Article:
How correctly use the admin API endpoint from other host

Hi folks :wave: I looking into use the caddy server to a personal project and I planing to use the API to manage a lot of sites. I using the official docker image and I run the API on port 2019. but how I can protected the API, in the docs only say this :thinking: :

If you are running untrusted code on your server (yikes :grimacing:), make sure you protect your admin endpoint by isolating processes, patching vulnerable programs, and configuring the endpoint to bind to a permissioned unix socket instead.

Currently I trying to look if there is any doc explaining how secure the admin API.
I wan to connect via HTTP from a client and mange the server from other host with users and permissions. Somebody can point me on the right direction ?

1 Like

Good question, I need to expand the docs about this.

This is on Linux I guess?

The basic idea is that it’s a network socket, so you don’t want untrusted code to have access to it. Generally this is not a problem in the first place because if your system is running malicious code, it’s game over anyways. So we assume that your system is secure to begin with.

By default, Caddy’s admin port is bound to localhost:2019 (the significance of that port number is the year this feature was developed). That covers the majority of problems already. This means that remote code can’t access the port. To further increase security, you can restrict requests to come only from designated hosts / origins, with origins and enforce_origin in your admin config:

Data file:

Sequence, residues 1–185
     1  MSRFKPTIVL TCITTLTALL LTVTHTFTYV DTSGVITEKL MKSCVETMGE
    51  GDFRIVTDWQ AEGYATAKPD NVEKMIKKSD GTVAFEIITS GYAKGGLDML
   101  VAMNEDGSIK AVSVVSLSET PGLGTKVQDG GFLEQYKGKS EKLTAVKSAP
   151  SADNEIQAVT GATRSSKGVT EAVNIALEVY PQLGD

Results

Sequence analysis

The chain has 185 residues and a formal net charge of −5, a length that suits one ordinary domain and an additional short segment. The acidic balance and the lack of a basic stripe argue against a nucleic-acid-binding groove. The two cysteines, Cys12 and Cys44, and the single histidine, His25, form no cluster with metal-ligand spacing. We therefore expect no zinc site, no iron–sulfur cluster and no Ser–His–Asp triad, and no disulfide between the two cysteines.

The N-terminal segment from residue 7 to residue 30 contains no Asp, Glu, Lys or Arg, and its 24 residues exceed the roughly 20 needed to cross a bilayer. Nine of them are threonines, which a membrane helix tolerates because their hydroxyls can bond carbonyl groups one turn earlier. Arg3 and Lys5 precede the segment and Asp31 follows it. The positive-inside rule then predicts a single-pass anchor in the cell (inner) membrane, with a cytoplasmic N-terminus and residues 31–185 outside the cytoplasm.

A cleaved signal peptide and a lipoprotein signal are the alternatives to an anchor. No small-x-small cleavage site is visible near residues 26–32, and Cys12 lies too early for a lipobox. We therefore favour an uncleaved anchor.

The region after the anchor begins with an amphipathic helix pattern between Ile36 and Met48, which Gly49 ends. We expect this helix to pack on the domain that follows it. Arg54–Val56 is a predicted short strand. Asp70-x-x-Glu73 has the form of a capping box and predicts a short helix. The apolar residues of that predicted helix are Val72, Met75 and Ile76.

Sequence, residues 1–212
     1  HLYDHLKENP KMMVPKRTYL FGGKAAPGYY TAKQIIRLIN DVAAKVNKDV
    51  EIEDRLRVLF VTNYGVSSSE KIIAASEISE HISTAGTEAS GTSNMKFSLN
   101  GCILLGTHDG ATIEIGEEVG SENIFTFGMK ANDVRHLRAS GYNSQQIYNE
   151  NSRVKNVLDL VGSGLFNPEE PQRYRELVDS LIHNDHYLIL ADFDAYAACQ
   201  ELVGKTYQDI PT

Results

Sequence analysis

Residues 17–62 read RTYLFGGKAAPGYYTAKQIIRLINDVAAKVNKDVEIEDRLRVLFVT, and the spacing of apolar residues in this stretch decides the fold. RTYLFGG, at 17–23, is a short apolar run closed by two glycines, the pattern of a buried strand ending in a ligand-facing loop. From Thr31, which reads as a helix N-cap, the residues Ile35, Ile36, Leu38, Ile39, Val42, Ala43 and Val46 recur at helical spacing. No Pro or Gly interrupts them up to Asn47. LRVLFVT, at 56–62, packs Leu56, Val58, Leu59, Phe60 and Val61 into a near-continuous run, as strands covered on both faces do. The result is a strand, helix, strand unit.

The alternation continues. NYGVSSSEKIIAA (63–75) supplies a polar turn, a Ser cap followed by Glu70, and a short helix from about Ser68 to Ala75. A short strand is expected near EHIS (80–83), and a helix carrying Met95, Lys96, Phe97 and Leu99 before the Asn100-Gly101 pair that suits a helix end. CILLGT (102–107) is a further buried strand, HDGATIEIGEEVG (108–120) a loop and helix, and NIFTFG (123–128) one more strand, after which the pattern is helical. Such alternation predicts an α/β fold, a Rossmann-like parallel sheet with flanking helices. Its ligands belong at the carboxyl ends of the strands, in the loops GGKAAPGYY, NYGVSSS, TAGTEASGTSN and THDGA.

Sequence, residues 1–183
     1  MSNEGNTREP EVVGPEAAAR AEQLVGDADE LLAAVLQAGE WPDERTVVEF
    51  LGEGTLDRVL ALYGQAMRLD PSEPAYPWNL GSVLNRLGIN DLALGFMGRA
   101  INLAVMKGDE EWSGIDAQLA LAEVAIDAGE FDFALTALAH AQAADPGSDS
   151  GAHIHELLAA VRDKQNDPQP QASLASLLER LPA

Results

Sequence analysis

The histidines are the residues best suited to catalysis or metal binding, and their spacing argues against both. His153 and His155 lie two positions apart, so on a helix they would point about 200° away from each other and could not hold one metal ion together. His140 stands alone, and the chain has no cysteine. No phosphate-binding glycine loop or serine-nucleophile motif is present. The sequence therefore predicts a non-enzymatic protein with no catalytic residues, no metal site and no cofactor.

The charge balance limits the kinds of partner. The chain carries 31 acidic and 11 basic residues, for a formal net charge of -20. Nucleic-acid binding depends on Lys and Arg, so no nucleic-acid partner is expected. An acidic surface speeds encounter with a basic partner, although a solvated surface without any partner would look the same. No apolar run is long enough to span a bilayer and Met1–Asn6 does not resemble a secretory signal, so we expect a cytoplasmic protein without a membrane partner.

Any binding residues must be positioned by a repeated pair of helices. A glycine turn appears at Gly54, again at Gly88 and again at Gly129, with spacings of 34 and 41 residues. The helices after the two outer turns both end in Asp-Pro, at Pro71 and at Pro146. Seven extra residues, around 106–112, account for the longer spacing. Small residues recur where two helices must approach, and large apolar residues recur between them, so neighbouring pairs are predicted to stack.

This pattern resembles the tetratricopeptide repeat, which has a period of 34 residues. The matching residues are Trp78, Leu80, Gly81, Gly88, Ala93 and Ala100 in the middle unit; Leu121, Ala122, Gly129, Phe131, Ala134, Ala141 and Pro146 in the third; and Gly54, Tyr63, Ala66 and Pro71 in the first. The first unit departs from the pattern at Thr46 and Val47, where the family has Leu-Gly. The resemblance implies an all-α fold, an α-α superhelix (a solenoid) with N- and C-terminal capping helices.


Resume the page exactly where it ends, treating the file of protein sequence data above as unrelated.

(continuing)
This is primarily useful against browser-based attacks, as it causes the admin API to emit CORS headers which browsers honor. (But since most people don’t deploy servers on the same machines that use web browsers, this is seldom a concern anyway and it’s why it’s not enforced by default.) As a nice bonus, enabling this also mitigates DNS rebinding attacks.

Another option on Linux is to use unix sockets. Simply permission the socket file so that only the Caddy process and any clients can access it. Then you don’t need to have Caddy enforce permissions itself, the OS does it for you.

So that’s basic local access protections in a nutshell.

You mentioned that you want to have permissions for users, etc. You can enable the remote admin endpoint, which is a different socket because it uses TLS (mandatory):

You’ll use the access_control property to specify permissions for specific public keys. That’s how you can control what each user can do.

In order for the admin endpoint to function, however, the server needs an identity certificate for itself. As the docs mention, you can use the identity property of the config to tell Caddy what its identity is so it can manage a certificate for itself. If your server isn’t being accessed with a public DNS name, then you should configure the issuers to be an internal issuer or your own ACME CA if you’re rolling your own PKI.

I really intend to write a docs page about this now, but for a while I was thinking it should be reserved for sponsors because it’s a very powerful and advanced feature.

Does that help? :slight_smile:

1 Like

hi @matt thk for this answer, yeah this help a lot, but I have two questions. I summarize to see if I understand.